Dynamic SOAP Endpoints in ServiceNow

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One of the challenges when creating a SOAP interface is to make sure that each ServiceNow environment communicates with the correct environment on “the other side”. This article provides a fairly simple but effective way to make sure that after committing an update set that contains an update on an outbound SOAP Message or a Clone the outbound messages will still go to the correct instance.
In this example I will use properties to store the external endpoints, but you could also consider a table to store that data.

Step 1: create a bunch of properties for your interface; one for each instance. Example:

Property Value
mysoap.myinterface.mydevinstance https://testendpoint.externalparty.com/
mysoap.myinterface.myaccinstance https://testendpoint.externalparty.com/
mysoap.myinterface.myprdinstance https://endpoint.externalparty.com/

where mydevinstance / myaccinstance and myprdinstance should be the exact names of your instances (this is to make it easier to call the property at step 2). Populate each of these properties with the end Point of your interface for that specific instance. This does mean that the end points of all instances will be stored in all instances.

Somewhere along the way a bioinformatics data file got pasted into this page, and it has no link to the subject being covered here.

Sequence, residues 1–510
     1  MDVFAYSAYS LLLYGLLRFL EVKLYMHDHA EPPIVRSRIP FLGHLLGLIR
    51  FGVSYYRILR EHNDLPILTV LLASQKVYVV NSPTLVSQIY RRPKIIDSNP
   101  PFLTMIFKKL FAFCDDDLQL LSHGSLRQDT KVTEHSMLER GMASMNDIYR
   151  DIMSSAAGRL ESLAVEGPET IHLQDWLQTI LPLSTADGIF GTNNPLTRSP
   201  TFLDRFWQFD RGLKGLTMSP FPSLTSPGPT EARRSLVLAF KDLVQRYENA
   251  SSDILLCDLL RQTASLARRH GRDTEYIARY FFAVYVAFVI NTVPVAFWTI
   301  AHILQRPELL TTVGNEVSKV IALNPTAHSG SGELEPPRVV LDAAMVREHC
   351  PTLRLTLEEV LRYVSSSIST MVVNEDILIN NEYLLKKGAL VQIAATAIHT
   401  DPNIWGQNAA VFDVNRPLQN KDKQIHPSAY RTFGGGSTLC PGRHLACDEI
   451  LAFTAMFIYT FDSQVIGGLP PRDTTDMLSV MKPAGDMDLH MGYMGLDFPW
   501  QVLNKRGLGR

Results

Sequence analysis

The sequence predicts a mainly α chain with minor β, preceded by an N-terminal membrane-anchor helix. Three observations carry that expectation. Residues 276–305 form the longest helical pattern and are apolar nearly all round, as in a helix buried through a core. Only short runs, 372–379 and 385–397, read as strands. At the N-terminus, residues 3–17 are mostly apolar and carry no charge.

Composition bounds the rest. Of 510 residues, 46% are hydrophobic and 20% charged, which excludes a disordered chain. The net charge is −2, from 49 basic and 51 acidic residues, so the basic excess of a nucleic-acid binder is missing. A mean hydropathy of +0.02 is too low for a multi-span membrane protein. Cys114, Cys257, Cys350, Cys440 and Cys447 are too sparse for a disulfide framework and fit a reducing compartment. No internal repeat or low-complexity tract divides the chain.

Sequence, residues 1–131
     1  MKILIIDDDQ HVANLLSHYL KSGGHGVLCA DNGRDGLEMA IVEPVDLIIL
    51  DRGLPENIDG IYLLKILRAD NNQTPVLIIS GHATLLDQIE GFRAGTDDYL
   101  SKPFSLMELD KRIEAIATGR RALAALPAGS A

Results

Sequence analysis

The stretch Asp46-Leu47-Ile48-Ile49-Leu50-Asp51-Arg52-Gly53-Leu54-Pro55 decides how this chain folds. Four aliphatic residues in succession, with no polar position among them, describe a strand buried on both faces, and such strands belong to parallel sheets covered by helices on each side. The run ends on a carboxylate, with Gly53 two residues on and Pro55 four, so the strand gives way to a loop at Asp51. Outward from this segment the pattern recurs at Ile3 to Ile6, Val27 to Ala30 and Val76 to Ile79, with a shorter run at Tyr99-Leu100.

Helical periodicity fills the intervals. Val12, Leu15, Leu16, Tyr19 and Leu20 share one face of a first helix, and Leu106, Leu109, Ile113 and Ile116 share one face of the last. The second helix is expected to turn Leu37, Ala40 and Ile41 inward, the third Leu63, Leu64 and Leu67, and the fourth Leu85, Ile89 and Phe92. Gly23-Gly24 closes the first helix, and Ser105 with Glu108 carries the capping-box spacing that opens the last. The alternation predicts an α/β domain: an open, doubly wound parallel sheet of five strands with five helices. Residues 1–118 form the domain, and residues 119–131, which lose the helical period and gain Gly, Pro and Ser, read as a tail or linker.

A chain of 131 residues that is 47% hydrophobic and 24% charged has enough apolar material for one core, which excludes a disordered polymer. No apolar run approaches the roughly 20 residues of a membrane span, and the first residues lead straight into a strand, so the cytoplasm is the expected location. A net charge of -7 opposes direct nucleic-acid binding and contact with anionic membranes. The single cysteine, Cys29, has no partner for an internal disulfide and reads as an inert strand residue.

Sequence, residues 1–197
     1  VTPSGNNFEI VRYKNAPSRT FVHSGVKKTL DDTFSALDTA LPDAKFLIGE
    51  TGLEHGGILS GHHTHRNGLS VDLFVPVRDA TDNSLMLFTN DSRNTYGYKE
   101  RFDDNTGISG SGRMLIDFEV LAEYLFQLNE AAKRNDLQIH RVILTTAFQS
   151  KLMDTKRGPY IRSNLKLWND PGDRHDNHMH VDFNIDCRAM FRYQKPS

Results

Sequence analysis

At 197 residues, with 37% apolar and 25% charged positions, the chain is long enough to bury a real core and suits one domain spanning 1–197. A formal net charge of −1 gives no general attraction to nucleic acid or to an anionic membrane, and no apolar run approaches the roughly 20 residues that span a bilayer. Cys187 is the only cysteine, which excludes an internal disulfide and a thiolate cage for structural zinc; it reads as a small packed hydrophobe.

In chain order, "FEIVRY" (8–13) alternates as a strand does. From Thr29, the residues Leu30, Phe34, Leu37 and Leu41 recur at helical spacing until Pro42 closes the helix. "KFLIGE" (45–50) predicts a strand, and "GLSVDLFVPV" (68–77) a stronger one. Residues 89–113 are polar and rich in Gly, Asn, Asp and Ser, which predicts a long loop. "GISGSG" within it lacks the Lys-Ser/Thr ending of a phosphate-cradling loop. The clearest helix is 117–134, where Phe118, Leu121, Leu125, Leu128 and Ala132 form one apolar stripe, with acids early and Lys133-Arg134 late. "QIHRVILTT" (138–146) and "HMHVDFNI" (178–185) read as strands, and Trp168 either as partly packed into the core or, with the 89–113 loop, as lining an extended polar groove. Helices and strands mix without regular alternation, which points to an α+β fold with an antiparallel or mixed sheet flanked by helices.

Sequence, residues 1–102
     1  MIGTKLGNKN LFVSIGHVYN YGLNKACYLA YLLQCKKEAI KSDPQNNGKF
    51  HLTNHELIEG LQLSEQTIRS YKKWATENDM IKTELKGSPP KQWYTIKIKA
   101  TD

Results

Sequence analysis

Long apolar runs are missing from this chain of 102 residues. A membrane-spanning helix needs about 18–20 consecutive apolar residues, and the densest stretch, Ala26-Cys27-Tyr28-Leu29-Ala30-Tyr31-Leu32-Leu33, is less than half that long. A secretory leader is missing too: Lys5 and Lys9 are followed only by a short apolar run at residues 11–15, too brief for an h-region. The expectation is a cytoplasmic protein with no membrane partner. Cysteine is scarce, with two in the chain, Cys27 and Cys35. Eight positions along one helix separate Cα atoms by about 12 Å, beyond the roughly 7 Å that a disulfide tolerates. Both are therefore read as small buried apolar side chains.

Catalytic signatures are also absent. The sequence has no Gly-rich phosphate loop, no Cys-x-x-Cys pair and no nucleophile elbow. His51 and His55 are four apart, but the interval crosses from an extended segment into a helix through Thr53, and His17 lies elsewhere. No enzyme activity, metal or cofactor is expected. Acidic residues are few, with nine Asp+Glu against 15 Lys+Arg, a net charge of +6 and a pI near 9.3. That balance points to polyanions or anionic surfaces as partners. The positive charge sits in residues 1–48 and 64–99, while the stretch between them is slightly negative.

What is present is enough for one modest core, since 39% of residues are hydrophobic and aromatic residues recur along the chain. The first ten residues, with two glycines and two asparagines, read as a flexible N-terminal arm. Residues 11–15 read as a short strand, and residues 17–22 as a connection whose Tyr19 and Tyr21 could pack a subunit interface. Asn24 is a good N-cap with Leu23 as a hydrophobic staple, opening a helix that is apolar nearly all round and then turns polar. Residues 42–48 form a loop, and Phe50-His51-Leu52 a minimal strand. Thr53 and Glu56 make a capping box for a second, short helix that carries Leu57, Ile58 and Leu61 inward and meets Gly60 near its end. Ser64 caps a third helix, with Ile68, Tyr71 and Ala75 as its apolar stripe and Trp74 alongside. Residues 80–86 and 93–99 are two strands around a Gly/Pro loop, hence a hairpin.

Step 2: Next find the code that will send your SOAP message. This will typically look like:
var soapMessage= new SOAPMessage(‘SOAP Message’, ‘mysoapfunction’);
soapMessage.setParameter(‘parm1’, ‘value of parm1’); // etc.

and add one line of code:
var soapMessage = new SOAPMessage(‘SOAP Message’, ‘mysoapfunction’);
soapMessage.setSoapEndPoint(gs.getProperty(‘mysoap.myinterface.’ + gs.getProperty(‘instance_name’)));
soapMessage.setParameter(‘parm1’, ‘value of parm1’); // etc.

This way the system will automatically find and use the correct end point. End Points set in this manner will overrule the end point that is set in the SOAP function. To avoid confusion I typically set those endpoints to “from_property”.

step 3 (optional): for Dynamic Security:
If needed, you can also dynamically set the User and Password for Basic Authentication using the following code:
soapMessage.setBasicAuth(username, password);
or even WS Security:
soapMessage.setWSSecurityInfo(keyId, keyAlias, keyPwd, certId);

Since you’re in the process of storing passwords, you could also consider to do it for the inbound interfaces, so you make sure that the inbound passwords are also stored, so the inbound traffic will not be affected by a clone or update set either.

Obviously you need to be a bit careful when storing a password for a production interface in a development instance.

I hope this blog article is helpful. If you have questions, please let me know!

Good luck!
Kind regards,
Martijn Odijk (.img[at].img)

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